Authoritative – Are you accepted in the wider industry as a good source of information?
Trustworthiness – Can you provide honest, truthful information that can be relied upon?
We have discussed these in more detail in a previous blog post which you can read about here.
Keeping these aspects in mind when producing content should increase your Google rankings and improve overall user experience on site.
- Create user-focused content
Your content must supply a demand and be genuinely useful for your audience. If your audience does not have a need to visit your website, then your click-through rate would be low. In turn, this would reduce your site authority and ranking which is not good for building organic traffic.
Find out what kind of content your audience prefers to consume and what they are looking for. If you can answer popular questions then they have a reason to visit your site; it is providing them with valuable information.
You can use tools like Google Trends to find out popular search queries for blog post inspiration. You could also use tools like Moz Keyword Explorer to find suitable keywords to best target your audience.
- Optimise images
Use image alt text for better optimising your images. Using the subject in images alt text will show that the image and content on the web page is relevant to related searches.
The example below shows how the Alt Text displays text shown within the image itself, so that search engines can ‘read’ the image:
It’s important not to forget about optimising images. By doing so you could miss opportunities to appear in Google Image Search.
- Using keywords, the correct way
Finding and using keywords effectively can really help with your website authority and organic search ranking.
By mentioning your specific keywords, products or service several times throughout your content, it shows search engines what you are helping people with. This increases the likelihood of search engines showing your site as relevant and meaningful to those searches and ranking it higher in search results.
That said, only use your keywords when relevant and natural to do so. If over-used in an unnatural way, your site could be seen as spam and be penalised by search engines.
- Write for users, not for search engines
Following on from point 7, content should be written for the purpose of users, not search engines.
By this, we mean really understand what your target market needs from you as an expert in your field. Give value to them and leave them knowing that if they need advice, a good product, good service etc, then your site is the place to come in future.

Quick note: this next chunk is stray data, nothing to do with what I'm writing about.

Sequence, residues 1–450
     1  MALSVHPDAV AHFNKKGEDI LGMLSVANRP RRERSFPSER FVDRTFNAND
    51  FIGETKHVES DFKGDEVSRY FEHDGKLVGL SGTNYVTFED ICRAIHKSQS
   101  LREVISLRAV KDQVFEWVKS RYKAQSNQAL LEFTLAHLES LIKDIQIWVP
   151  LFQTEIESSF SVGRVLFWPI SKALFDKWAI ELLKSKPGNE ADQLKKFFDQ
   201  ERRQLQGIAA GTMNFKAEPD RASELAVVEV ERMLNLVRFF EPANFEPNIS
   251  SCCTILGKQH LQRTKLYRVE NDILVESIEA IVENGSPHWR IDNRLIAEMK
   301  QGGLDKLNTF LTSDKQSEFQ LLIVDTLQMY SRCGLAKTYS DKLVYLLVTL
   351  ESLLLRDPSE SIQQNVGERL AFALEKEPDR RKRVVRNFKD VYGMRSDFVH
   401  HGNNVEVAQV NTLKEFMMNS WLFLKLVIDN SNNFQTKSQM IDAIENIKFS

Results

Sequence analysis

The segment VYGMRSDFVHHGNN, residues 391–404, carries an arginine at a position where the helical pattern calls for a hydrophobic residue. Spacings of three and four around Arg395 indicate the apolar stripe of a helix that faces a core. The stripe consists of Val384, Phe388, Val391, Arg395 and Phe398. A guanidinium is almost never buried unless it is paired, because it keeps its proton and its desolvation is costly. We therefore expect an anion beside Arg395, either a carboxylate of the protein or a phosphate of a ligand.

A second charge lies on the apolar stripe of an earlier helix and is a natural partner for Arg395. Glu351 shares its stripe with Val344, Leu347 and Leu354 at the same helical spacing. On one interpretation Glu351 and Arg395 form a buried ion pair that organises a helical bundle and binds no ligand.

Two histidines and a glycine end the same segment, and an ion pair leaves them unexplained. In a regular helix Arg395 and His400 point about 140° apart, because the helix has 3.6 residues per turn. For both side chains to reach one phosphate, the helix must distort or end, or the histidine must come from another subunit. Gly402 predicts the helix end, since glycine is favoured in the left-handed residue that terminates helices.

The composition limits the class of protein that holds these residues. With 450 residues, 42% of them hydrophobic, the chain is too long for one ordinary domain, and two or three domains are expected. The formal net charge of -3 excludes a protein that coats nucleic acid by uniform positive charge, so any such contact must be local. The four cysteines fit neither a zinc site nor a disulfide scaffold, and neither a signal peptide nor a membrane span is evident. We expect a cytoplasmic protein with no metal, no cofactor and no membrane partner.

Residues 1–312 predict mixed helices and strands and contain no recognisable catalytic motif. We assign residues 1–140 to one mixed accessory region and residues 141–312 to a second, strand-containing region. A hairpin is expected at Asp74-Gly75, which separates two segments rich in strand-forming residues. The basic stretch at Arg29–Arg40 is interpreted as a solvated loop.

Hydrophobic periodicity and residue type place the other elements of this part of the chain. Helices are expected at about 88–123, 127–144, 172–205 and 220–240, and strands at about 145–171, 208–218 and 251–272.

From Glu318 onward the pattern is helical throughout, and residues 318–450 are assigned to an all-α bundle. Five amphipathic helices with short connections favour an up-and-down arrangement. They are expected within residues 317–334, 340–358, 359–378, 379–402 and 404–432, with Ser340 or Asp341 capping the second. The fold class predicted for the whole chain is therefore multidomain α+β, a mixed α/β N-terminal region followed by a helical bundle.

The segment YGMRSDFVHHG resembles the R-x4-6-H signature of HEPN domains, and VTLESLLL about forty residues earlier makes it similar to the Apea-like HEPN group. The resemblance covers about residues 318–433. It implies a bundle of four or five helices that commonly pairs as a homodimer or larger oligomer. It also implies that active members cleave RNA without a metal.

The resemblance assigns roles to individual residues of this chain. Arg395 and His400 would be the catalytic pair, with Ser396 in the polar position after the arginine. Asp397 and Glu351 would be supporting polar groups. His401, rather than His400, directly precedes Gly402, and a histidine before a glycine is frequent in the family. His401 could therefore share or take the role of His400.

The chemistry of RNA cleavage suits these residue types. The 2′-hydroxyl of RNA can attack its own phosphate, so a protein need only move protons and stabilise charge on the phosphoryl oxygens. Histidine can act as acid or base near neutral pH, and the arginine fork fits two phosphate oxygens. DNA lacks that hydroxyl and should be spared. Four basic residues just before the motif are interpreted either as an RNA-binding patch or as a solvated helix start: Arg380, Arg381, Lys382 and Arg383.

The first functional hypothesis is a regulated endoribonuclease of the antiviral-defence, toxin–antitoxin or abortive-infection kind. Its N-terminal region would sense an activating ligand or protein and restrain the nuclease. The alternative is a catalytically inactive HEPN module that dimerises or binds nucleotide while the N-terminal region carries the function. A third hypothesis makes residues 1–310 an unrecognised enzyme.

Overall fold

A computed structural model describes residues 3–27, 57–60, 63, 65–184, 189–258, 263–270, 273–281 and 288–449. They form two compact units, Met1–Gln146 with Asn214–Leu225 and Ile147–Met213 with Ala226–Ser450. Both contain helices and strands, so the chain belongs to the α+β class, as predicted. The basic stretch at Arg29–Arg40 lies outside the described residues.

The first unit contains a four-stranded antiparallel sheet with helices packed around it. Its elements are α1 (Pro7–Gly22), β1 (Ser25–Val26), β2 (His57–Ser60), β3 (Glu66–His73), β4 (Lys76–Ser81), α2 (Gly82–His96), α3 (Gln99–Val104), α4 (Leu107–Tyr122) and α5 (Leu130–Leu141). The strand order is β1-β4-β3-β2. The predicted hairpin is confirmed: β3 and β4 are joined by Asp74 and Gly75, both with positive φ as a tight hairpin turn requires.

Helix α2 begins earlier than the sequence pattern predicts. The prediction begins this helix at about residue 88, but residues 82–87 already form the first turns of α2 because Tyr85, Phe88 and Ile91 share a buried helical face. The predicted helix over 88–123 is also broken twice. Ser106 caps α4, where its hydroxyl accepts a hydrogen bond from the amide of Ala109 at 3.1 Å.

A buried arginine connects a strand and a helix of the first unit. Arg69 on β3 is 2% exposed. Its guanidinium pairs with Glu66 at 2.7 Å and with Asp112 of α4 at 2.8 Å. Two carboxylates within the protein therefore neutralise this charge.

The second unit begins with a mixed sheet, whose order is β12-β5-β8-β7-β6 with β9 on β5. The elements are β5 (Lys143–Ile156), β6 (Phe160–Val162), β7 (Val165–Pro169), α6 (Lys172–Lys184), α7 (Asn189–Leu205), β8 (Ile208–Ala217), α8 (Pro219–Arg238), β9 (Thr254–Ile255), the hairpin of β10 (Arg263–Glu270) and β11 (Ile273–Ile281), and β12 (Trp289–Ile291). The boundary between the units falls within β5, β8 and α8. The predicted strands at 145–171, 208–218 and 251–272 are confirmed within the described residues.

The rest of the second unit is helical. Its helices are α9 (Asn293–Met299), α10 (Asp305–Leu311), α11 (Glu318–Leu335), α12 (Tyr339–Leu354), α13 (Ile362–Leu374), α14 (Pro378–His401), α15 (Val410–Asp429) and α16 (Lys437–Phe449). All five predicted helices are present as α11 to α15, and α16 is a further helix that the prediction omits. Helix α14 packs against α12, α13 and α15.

By satisfying users who visit your site, your site performance will increase. A lower bounce rate for example, shows search engines that if those users found it useful and stayed on your website for a sufficient amount of time, then other users would probably find value in it too. Therefore, pushing your site higher up the search results page.
For tips on how to write a good blog post, we’ve written a breakdown of important steps on a previous blog post.
- Engage your users
Aim to keep users on your site for longer and reduce bounce rate. Make your pages interesting enough for users to want to stick around and revisit in future.
Engagement isn’t always easy to get from users, but over time building engagement can really help with your organic search ranking result.
To engage users, you should aim to have a good site speed, a great user experience, optimise your content (i.e so that users across all devices can see content without issues), just to name a few.
- Use unique content
By all means, content can be repurposed or referred to across different areas of your site. However, avoid duplicate pages, as this confuses search engines as to which result they should show. As a result, this could harm your site authority.
You can rectify duplicate pages in a few different ways. Either delete one of the pages and redirect to the other, or update your Robots.txt file. This will instruct search engines on how to search web pages on your site including which pages they should ignore.
Contact us today to find out how we can help increase your organic traffic and search ranking with our SEO services.